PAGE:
The Arizona legislature is
trying to damage public education again by introducing irresponsible
legislation to create vouchers, all in the name of change or reform.  Download a summary of Arizona education voucher bills this session. (PDF)

In
recent years "change" in education has been defined, by conservative
proponents of vouchers, as providing a small percentage of parents an
opportunity to choose a private institution over a public school for their
child.  Parents are free to make choices for their family however; this
choice should never be made at the expense of Arizona’s taxpayers.   

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Any
"change" instituted by allowing vouchers would mean draining funding
from our public schools.  Vouchers increase public education costs by
requiring taxpayers to fund two school systems, one public and one private.
Statistics show that vouchers generally go to children who were never in public
schools, thus taxpayers are paying their tuition.

Vouchers
undermine accountability for public funds.  Private schools have almost
complete autonomy with regard to how they operate – who they teach, what they
teach, how they teach, how they measure student achievement, how they manage
their finances, and what they choose to disclose to parents and the
public. 

Those
public school students who use vouchers run into exclusionary admission
policies at parochial and private schools. Catholic schools turn away nearly
two out of three applicants. Exclusive private schools reject nine out of 10
applicants. 

A great
education should never be considered an option or "choice."
Every child has the fundamental right to a quality education.  Vouchers
will only increase the disparity by draining our already inadequate resources
from public school classrooms for a very small percentage of Arizona’s students.

If it is
change that Arizona
wants we’ve got some suggestions:

  • Reduce class sizes so that teachers have a manageable number of students in classrooms
  • Provide adequate funding for programs that support all students’ desire to achieve a high level of performance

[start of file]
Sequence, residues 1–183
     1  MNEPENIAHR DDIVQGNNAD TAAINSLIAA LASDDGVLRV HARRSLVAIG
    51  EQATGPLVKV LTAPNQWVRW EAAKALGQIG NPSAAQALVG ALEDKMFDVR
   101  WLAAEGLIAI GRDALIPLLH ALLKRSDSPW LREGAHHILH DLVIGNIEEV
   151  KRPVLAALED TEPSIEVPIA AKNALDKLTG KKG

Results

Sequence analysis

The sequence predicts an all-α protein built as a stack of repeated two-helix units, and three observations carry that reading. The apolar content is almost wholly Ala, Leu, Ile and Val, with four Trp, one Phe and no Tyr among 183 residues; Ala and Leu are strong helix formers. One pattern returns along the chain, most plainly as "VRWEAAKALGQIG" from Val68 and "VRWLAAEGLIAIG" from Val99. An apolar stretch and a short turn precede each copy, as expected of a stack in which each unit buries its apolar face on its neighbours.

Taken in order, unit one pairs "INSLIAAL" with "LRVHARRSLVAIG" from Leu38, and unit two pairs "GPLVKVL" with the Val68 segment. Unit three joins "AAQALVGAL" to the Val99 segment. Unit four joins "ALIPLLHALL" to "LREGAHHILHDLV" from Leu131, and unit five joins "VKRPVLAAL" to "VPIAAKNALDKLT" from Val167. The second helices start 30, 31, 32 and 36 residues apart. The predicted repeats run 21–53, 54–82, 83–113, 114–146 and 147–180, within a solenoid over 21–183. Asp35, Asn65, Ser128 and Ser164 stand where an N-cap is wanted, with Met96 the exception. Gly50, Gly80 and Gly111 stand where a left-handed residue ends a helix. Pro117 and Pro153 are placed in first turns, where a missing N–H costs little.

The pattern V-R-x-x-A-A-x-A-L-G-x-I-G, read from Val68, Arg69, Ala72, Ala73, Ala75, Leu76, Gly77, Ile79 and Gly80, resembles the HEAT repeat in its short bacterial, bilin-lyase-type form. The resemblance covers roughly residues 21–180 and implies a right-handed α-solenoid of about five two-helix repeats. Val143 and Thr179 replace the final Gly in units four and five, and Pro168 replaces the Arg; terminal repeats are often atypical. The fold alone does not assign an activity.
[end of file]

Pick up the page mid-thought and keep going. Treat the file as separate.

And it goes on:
• Provide time for teaching professionals to collaborate with their colleagues when determining instructional curriculum
  • Create a Professional Standards Board that addresses professional development, teaching standards, and teacher assessment 
  • Establish a living wage for education support professionals who ensure that our students arrive at school safely, eat a healthy lunch, and learn in a clean and comfortable environment

For Arizona to achieve these
and many other necessary changes it will have to invest in public
education.  Arizona
will have to quit running from its reality.  We live, work, and learn in
the fastest growing state in the nation.  It is time to invest in our
future by investing in public education.

Conservatives
claim that those on the left and/or the "establishment" propose solutions
to address the need for improved student achievement that are meager and much
more expensive.  But, based on the numbers released by EdWeek earlier this
month Arizona
falls $2.7 billion behind the national average in K-12 education
spending.  In the end, if Arizona
chooses not to invest more in education it will harm the future economic status
of our state.

Usually
school choice proponents will say that charter schools and voucher programs are
too new to show the results they’ve promised.  How long is long
enough?  Arizona
is ranked first in the nation for "School Choice."  We’ve given
them their run and it’s not working.

Let’s
try investing adequate resources in public education for a while and see what
happens.  Let’s give Arizona’s
children the state-of-the-art education they deserve, no matter their economic
status or geographic location, two things that will never be accomplished by
offering private school vouchers or charter school alternatives.

Contact
your legislator and tell them that vouchers hurt public schools
.

John Wright is president of the Arizona Education Association and a
certified classroom teacher.  He can be reached by visiting www.arizonaea.org

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